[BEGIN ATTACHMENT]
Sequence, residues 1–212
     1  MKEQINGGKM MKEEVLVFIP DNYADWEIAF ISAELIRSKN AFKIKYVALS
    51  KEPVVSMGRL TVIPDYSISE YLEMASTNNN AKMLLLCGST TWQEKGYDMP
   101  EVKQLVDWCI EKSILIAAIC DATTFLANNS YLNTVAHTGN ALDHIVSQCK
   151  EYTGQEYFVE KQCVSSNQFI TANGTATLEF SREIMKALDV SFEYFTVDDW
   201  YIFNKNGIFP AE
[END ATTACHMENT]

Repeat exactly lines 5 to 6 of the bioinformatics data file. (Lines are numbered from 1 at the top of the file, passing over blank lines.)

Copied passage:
   151  EYTGQEYFVE KQCVSSNQFI TANGTATLEF SREIMKALDV SFEYFTVDDW
   201  YIFNKNGIFP AE